E-Dahab Complies With Somaliland Govt Regulations on Money Transfer
Mobile money transfer company eDahab will comply with the new financial regulation set by the Somaliland government which mandates all mobile payments under $100 be made in Somaliland currency.
The new regulation bars also mobile payment companies from providing foreign exchange services through the mobile payment systems.
The regulation is intended to stabilize the exchange rate of Somaliland currency to US dollars and to eliminate use of dollars as a functional currency in the local economy.
It is also further aimed at reducing rising inflation in the country.
The Central Bank of Somaliland has already confirmed the new regulation which it says its for the good of the country’s economy.
E-Dahab mobile payment, owned by leading international money transfer company Dahabshiil said it will comply with and implement these regulations; and will continue to serve its mobile payment customers by providing convenient mobile payment services that will allow making payments under $100 in Somaliland Shillings.
“Our mission and vision remains to serve our clients to the best of our ability through eDahab. We will continue to support local independent foreign exchange providers,” Dahabshiil Chief Executive Officer Abdirashid Duale said.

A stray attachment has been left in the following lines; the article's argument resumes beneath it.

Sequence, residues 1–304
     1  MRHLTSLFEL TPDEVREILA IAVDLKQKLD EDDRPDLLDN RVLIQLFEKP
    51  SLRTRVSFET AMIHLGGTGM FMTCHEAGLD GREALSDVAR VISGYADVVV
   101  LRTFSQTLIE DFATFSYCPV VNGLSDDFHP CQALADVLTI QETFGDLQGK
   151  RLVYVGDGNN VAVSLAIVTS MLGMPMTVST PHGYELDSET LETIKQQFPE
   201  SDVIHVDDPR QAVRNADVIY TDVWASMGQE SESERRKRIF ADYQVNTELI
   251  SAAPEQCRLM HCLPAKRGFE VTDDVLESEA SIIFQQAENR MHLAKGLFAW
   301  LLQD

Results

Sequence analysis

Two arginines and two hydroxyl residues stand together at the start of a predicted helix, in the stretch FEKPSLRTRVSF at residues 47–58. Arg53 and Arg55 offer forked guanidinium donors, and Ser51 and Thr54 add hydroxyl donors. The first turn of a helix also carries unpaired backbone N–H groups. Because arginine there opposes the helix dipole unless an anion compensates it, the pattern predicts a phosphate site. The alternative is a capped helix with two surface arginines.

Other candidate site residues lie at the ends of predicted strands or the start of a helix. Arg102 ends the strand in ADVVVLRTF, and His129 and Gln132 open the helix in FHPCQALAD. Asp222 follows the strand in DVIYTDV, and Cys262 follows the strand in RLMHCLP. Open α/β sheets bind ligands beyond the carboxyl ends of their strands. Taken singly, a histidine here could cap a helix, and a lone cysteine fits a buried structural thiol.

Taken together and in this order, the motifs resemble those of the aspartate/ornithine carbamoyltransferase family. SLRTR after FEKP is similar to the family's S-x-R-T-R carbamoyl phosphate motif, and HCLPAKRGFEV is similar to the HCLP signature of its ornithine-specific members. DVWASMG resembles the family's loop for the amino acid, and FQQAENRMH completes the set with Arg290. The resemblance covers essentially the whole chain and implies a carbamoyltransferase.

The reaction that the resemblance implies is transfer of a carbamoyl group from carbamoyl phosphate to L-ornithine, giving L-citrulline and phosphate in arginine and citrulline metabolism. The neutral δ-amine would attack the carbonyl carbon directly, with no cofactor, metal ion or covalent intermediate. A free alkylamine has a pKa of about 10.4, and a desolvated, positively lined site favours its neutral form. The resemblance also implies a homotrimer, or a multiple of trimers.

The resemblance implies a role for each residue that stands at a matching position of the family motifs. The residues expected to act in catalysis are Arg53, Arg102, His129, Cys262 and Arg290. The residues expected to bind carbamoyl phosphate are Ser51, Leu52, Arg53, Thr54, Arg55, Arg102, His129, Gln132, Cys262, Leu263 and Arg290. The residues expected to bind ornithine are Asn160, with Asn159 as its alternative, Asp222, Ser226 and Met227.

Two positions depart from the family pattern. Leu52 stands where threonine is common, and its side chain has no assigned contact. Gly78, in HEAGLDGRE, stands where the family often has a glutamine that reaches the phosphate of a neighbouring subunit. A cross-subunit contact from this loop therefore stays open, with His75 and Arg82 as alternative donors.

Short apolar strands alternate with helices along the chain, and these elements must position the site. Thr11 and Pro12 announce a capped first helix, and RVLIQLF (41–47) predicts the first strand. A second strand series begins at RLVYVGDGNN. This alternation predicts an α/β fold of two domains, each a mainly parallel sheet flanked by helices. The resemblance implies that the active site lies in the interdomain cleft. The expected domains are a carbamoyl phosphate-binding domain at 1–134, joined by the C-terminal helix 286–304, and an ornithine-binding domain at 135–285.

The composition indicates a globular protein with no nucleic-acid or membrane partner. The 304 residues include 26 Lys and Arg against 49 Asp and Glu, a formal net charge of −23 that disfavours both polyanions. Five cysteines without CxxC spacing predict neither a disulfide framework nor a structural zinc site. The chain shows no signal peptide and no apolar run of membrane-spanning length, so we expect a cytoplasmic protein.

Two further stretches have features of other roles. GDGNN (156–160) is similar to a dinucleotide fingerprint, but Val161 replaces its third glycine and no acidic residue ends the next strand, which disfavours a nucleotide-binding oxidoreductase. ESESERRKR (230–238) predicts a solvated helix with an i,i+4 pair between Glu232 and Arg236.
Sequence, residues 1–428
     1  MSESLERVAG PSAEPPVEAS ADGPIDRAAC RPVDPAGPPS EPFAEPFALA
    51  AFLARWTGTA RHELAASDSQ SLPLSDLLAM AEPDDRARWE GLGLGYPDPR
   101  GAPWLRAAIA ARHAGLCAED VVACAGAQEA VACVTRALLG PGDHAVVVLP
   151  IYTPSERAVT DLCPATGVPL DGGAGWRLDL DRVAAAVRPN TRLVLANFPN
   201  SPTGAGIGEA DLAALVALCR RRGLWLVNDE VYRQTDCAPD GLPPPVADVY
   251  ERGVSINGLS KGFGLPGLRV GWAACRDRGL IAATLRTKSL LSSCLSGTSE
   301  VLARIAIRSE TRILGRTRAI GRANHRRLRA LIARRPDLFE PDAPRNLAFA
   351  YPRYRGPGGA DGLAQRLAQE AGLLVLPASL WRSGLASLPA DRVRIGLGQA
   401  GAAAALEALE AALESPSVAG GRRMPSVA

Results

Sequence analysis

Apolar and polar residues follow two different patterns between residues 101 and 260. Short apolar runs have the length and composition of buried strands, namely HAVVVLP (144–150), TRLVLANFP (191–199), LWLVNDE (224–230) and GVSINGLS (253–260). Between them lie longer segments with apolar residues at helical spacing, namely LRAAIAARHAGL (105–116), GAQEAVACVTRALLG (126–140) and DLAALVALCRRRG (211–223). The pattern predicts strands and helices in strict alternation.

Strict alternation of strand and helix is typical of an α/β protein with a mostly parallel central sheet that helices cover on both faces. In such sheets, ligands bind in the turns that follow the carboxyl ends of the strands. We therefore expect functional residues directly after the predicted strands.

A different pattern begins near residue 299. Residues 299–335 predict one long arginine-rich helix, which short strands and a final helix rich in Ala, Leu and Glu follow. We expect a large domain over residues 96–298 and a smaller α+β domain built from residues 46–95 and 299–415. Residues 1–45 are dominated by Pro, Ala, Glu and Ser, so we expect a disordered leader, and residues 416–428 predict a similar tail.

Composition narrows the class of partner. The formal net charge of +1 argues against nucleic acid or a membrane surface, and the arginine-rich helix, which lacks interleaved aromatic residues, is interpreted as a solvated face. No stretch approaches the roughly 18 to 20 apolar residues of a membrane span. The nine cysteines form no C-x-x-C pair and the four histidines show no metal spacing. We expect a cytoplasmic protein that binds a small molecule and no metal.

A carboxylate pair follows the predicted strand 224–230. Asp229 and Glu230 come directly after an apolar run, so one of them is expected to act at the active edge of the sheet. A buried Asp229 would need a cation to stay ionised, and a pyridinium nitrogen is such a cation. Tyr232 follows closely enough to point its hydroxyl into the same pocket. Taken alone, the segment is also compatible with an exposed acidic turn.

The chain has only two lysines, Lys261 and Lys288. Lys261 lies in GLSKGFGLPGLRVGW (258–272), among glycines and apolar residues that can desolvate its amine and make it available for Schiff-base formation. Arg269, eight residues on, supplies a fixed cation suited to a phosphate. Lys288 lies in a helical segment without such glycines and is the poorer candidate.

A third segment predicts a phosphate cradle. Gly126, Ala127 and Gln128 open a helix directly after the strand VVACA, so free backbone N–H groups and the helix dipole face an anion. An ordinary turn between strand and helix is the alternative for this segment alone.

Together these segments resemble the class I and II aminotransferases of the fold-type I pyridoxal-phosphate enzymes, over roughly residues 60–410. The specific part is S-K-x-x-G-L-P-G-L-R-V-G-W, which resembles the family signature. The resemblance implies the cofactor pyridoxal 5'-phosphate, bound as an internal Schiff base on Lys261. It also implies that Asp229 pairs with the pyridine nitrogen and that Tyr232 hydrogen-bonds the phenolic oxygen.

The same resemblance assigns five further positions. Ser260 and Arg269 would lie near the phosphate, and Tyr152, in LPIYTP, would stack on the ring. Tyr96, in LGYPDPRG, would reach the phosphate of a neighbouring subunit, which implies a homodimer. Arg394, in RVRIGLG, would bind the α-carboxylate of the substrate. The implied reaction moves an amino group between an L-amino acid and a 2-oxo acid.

“E-Dahab mobile payment application will not offer foreign exchange services to customers,” he added.
Customers who want to deposit money or keep US dollars of above 100 US dollars through eDahab will still be allowed to do so.
The new regulation will help Somaliland to keep up with countries at the forefront of mobile payment like Kenya and Uganda, who offer these services in their national currencies. In Kenya for instance MPesa only deals with Kenya shillings.
eDahab has revolutionized money transfer and remittance market in the horn of Africa.
Through E-Dahab, you can deposit or withdraw money without having to set foot in the bank.
E-Dahab money transfer is one of the success stories in the horn of Africa. It permits customers to upload funds to their mobile devices and use the credit to pay for purchases and send money to individuals in other countries through telecommunication provider Somtel.